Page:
How to Argue Against Gender-Transition Interventions for Children

Feb 14, 2022 by

by Joe Carter, TGC:

The Story: A new study finds that an increasing number of Americans support hormonal and surgical interventions for adolescents experiencing gender dysphoria. How should Christians convince them to oppose this harm to children?

The Background: In the latest issue of Archives of Sexual Behavior, researchers Mark Regnerus and Brad Vermurlen published a study titled, “Attitudes in the U.S. Toward Hormonal and/or Surgical Interventions for Adolescents Experiencing Gender Dysphoria.” Regnerus and Vermulen examine a survey that asked respondents to agree or disagree with the statement, “It should be okay for adolescents to ‘transition’ with hormones or surgery if they identify as another gender.”

What they found was that perspectives on medical transitions for adolescents fit the “culture war” framework and are “largely polarized between a ‘progressive’ worldview of bodily autonomy and an ‘orthodox’ worldview of bodily integrity.”

For instance, evangelicals are the group most likely to oppose gender transition procedures (81 percent), followed by Mormons (80 percent) and those who say religion is more important than anything else (80 percent). Those who identify politically as conservative or very conservative (70 and 72 percent, respectively) were about as likely to oppose such procedures as Pentecostals (69 percent) and those who say they attend religious services weekly (about 70 percent).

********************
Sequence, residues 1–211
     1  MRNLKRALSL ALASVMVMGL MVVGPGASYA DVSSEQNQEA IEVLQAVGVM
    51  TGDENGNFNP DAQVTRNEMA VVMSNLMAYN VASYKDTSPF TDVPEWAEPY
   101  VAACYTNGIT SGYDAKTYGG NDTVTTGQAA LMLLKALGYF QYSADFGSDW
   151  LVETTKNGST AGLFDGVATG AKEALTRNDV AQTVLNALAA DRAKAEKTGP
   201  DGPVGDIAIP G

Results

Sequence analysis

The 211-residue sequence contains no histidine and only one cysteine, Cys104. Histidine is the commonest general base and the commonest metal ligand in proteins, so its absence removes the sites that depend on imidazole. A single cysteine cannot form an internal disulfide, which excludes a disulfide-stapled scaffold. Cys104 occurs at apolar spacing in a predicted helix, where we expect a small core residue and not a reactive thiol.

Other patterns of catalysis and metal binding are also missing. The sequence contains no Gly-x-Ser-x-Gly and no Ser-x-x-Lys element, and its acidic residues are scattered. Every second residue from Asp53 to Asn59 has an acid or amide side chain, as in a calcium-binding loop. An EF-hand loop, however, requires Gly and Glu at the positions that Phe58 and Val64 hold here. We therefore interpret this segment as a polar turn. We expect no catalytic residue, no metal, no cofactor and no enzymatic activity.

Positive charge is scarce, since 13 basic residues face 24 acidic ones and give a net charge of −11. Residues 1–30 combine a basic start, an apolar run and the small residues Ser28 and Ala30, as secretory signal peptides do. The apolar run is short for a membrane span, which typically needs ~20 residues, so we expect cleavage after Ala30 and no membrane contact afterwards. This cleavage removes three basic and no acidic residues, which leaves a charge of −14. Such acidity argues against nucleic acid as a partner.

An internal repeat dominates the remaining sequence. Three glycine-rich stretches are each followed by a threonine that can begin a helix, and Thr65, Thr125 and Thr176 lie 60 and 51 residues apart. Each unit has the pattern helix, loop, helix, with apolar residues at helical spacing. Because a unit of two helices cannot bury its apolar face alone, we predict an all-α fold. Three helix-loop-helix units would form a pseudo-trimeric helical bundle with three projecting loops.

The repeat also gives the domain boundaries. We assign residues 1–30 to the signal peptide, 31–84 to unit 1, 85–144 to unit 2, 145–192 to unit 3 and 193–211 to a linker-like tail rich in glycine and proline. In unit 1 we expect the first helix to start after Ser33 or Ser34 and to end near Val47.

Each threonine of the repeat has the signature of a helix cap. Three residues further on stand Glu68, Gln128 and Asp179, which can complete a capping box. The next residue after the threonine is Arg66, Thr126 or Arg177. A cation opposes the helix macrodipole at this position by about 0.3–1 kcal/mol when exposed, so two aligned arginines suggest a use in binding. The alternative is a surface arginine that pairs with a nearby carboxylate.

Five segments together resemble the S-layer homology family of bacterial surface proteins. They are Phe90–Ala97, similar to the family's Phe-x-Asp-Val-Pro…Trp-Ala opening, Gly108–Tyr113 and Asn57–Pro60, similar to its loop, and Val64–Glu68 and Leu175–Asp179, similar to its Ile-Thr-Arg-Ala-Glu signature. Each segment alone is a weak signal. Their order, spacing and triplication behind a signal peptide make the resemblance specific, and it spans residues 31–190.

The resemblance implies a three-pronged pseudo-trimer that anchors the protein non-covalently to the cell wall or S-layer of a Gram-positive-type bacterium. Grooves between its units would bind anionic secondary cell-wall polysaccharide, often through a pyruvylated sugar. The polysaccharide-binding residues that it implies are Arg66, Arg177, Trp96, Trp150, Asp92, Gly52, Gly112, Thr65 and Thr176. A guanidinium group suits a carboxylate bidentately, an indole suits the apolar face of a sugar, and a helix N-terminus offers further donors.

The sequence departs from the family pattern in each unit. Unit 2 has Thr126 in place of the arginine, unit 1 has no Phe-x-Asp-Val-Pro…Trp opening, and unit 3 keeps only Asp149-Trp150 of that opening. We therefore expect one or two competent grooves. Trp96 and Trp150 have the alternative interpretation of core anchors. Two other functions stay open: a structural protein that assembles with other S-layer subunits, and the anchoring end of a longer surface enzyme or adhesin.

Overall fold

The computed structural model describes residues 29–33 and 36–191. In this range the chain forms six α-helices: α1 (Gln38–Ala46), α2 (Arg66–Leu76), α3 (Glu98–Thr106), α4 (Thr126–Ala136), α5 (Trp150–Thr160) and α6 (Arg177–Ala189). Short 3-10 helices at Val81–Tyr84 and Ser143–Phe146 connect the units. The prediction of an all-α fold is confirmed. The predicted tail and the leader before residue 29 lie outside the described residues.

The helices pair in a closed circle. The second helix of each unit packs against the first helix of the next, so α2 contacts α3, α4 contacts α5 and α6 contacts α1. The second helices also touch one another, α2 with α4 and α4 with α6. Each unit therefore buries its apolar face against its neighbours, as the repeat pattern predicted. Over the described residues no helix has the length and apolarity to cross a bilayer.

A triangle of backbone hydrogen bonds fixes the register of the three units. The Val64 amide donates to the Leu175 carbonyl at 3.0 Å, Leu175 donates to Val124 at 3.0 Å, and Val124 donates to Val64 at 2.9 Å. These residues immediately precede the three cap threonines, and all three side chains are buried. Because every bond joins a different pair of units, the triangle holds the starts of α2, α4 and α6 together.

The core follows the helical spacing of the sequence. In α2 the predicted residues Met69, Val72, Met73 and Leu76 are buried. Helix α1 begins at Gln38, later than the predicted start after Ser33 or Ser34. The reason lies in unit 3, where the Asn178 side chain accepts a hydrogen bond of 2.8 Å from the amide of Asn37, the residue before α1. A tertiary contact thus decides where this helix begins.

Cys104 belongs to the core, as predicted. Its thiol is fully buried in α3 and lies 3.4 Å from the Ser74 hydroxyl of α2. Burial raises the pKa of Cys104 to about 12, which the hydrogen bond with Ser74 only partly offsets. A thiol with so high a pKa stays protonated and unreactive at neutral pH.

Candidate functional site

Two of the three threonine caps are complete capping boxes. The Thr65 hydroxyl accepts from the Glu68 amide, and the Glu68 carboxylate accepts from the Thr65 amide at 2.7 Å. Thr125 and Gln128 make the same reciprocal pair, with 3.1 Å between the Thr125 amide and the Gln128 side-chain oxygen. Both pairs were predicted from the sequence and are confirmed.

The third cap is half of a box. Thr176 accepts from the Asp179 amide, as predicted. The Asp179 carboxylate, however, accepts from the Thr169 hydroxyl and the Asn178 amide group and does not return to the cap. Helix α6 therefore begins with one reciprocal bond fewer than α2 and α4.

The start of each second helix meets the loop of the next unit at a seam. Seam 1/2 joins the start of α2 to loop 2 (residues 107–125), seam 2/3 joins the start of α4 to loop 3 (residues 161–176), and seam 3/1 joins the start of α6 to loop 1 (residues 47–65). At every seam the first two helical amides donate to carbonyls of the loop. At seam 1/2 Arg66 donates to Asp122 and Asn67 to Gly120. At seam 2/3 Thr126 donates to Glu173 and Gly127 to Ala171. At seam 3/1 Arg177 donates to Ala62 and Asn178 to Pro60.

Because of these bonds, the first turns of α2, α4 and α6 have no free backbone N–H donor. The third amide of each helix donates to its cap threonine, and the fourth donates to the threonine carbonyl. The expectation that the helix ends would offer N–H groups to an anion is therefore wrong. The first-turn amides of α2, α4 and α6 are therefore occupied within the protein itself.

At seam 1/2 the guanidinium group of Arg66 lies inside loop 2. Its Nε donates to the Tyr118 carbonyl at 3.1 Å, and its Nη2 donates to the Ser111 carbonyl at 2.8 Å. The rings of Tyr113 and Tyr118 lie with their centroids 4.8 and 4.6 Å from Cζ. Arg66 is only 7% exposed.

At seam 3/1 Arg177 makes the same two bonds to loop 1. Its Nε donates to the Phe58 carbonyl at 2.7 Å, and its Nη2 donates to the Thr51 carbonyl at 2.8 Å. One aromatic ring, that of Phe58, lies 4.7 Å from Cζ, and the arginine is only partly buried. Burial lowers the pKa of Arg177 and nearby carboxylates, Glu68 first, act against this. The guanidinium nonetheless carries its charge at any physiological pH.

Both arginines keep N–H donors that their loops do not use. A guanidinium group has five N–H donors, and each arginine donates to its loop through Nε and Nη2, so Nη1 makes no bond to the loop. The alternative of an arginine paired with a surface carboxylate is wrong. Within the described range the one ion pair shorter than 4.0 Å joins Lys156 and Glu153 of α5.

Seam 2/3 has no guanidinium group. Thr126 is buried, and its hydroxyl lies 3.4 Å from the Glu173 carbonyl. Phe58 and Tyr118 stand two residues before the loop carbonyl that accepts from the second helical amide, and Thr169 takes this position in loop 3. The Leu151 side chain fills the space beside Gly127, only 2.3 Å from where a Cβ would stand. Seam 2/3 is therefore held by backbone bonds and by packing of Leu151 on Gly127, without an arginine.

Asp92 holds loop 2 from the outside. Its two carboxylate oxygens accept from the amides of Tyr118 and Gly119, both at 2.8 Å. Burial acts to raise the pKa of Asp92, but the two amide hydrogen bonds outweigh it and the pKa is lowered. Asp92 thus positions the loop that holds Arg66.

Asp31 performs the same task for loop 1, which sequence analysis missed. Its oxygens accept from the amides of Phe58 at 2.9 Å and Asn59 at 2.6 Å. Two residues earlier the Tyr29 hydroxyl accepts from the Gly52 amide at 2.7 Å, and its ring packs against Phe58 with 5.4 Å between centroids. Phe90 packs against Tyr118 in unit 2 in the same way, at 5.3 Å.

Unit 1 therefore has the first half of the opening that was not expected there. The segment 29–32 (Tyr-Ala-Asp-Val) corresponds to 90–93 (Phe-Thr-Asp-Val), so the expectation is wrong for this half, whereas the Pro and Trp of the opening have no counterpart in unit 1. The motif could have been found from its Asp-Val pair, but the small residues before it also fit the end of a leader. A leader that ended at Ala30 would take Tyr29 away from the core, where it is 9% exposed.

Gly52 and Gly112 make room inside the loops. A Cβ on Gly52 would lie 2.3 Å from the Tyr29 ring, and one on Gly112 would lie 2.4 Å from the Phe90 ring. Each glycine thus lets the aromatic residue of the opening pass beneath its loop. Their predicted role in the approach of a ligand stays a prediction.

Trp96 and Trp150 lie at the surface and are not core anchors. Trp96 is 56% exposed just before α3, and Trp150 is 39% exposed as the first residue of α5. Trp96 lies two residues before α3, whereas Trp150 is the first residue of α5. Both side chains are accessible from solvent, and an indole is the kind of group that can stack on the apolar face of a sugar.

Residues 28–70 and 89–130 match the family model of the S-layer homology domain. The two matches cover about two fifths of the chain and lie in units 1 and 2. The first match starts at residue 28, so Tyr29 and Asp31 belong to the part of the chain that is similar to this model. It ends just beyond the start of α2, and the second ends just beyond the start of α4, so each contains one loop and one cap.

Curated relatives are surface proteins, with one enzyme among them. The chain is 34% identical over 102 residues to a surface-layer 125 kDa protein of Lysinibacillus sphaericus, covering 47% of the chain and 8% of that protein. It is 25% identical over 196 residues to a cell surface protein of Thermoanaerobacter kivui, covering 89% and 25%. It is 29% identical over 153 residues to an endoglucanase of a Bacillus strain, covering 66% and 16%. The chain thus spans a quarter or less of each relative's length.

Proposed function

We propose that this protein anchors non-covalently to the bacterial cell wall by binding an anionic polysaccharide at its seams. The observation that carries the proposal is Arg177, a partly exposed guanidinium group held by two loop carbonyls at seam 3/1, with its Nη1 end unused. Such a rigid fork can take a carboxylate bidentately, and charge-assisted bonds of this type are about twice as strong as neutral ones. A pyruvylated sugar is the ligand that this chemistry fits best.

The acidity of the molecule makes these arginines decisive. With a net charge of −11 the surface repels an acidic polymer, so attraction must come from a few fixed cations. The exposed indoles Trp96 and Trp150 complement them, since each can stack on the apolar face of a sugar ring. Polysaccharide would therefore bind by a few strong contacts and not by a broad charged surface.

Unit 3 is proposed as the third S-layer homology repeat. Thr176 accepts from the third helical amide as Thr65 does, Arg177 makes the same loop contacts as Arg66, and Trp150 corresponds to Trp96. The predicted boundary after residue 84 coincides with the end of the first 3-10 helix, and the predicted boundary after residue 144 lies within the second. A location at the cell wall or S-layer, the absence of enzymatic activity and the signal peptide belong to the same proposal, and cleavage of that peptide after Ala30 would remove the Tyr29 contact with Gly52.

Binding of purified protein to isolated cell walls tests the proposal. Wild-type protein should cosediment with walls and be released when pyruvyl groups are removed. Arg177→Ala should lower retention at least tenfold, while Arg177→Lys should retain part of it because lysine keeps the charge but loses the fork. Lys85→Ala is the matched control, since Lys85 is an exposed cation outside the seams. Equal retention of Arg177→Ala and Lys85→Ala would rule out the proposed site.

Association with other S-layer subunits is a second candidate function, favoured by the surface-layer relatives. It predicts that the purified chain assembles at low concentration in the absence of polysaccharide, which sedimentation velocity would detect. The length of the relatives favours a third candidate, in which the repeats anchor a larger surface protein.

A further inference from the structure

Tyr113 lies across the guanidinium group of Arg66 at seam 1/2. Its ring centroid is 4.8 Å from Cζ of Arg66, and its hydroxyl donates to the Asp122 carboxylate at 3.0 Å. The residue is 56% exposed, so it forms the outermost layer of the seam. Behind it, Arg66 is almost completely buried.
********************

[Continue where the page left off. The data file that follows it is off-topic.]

Those most likely to agree with the treatment approach were those who are very liberal politically (72 percent), those who said “marriage is outdated” (52 percent), those who don’t completely identify as heterosexual (50 percent), those who are politically liberal (50 percent), and those who are not religious and who think religion is not important (47 percent each).

Read here

See also:

Parents win permission for judicial review on trans-affirming policies in schools, from Christian Concern: A High Court judge has ruled that Nigel and Sally Rowe’s case can go forward.
In 2017, the Rowes were forced to educate their children at home after their son’s Church of England primary school said that their children could be labelled ‘transphobic’ for not being trans-affirming.

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